Injection of adult neurospheres induces recovery in a chronic model of multiple sclerosis


Widespread demyelination and axonal loss are the pathological hallmarks of multiple sclerosis. The multifocal nature of this chronic inflammatory disease of the central nervous system complicates cellular therapy and puts emphasis on both the donor cell origin and the route of cell transplantation. We established syngenic adult neural stem cell cultures and injected them into an animal model of multiple sclerosis—experimental autoimmune encephalomyelitis (EAE) in the mouse—either intravenously or intracerebroventricularly. In both cases, significant numbers of donor cells entered into demyelinating areas of the central nervous system and differentiated into mature brain cells. Within these areas, oligodendrocyte progenitors markedly increased, with many of them being of donor origin and actively remyelinating axons. Furthermore, a significant reduction of astrogliosis and a marked decrease in the extent of demyelination and axonal loss were observed in transplanted animals. The functional impairment caused by EAE was almost abolished in transplanted mice, both clinically and neurophysiologically. Thus, adult neural precursor cells promote multifocal remyelination and functional recovery after intravenous or intrathecal injection in a chronic model of multiple sclerosis.

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Figure 1: Distribution of nls-lacZ-labelled, syngenic neural precursors after i.c. (af) and i.v. injection (gk) in C57BL/6 mice.
Figure 2: Neural precursors contribute to remyelination of demyelinated axons in EAE mice.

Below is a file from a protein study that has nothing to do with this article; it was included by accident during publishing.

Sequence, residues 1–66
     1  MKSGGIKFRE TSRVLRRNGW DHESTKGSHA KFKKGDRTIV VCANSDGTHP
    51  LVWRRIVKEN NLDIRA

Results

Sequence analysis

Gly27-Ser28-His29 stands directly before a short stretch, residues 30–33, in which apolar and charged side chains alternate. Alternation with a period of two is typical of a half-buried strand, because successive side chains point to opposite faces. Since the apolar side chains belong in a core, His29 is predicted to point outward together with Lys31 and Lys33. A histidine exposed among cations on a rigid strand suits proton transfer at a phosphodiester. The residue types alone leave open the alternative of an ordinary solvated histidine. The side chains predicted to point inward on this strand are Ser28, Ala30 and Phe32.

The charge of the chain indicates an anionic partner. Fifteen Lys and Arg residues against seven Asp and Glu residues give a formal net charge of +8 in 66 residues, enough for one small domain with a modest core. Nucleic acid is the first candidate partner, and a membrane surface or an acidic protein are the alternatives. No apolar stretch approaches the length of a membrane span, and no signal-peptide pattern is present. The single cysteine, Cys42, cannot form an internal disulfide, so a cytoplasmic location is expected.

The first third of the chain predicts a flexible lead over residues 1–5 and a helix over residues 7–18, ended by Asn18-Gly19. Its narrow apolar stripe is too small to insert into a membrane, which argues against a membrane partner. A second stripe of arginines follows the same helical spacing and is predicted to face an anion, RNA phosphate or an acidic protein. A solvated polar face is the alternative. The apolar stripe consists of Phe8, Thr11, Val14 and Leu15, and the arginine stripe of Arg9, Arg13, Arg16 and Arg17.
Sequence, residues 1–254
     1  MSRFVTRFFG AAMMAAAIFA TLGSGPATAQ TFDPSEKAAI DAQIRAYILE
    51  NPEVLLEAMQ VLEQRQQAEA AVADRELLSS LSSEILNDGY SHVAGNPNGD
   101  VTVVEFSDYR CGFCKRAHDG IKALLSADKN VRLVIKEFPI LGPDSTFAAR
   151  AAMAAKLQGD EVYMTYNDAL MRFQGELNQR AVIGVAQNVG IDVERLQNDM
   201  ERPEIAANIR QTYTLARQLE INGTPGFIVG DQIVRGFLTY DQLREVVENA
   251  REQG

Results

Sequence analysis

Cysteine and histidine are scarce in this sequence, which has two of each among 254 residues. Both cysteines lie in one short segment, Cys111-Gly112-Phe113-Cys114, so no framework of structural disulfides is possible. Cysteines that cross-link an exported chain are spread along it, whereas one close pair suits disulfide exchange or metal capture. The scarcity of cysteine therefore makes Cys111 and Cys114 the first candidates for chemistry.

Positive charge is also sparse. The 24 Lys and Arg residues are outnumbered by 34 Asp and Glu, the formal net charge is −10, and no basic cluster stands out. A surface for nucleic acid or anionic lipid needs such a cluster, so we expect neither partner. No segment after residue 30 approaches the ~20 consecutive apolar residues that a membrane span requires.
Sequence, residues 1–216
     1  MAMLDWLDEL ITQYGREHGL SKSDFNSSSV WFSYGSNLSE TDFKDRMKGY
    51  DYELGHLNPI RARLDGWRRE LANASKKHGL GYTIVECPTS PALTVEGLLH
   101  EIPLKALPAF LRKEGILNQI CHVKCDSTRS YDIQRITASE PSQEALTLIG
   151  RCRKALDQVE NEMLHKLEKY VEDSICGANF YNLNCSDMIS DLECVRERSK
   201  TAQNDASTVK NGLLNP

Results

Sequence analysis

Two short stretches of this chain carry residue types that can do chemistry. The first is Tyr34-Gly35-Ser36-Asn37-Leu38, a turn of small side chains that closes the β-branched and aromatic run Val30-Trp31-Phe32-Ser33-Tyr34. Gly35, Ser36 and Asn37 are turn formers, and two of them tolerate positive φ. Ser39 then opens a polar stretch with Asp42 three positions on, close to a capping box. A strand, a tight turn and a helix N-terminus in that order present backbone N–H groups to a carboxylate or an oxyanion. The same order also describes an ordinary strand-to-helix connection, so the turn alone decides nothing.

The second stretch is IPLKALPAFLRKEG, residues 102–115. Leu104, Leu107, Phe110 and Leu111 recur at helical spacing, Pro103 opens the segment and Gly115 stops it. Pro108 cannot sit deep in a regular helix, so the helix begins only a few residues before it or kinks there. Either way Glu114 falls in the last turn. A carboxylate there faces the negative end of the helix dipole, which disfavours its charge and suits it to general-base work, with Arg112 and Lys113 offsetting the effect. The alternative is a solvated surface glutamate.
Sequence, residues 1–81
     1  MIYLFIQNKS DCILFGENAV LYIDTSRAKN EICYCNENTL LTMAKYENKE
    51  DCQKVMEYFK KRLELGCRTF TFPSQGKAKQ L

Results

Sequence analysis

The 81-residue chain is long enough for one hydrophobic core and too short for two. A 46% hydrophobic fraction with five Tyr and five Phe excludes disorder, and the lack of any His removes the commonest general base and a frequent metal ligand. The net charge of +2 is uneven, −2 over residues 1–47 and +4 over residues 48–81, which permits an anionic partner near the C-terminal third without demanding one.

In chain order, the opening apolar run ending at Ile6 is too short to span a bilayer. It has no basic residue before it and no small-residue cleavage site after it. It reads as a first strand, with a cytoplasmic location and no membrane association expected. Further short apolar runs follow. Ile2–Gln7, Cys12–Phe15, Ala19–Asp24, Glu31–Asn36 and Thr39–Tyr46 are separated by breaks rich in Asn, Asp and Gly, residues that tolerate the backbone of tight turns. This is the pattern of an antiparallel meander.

Figure 3: Differentiation of engrafted neural precursors into mature neural cells in EAE mice.
Figure 4: I.c. or i.v. injection of neural precursors into EAE mice reduces glia scarring and modulates neurotrophic growth factor mRNA expression within the CNS.
Figure 5: I.v. and i.c. injection of neural precursors after disease onset (arrow) significantly improves clinical features in EAE mice.


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We thank L. De Filippis and L. Naldini for providing the lentiviral vectors and G. Constantin and B. Rossi for contributing to FACS analysis. We also thank C. Panzeri for technical help with confocal microscopy. This work was supported by the Italian Multiple Sclerosis Association (AISM), Myelin Project, European Union (EU), Fondazione Agarini and BMW Italia.

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Correspondence to Angelo L. Vescovi or Gianvito Martino.

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Pluchino, S., Quattrini, A., Brambilla, E. et al. Injection of adult neurospheres induces recovery in a chronic model of multiple sclerosis. Nature 422, 688–694 (2003).

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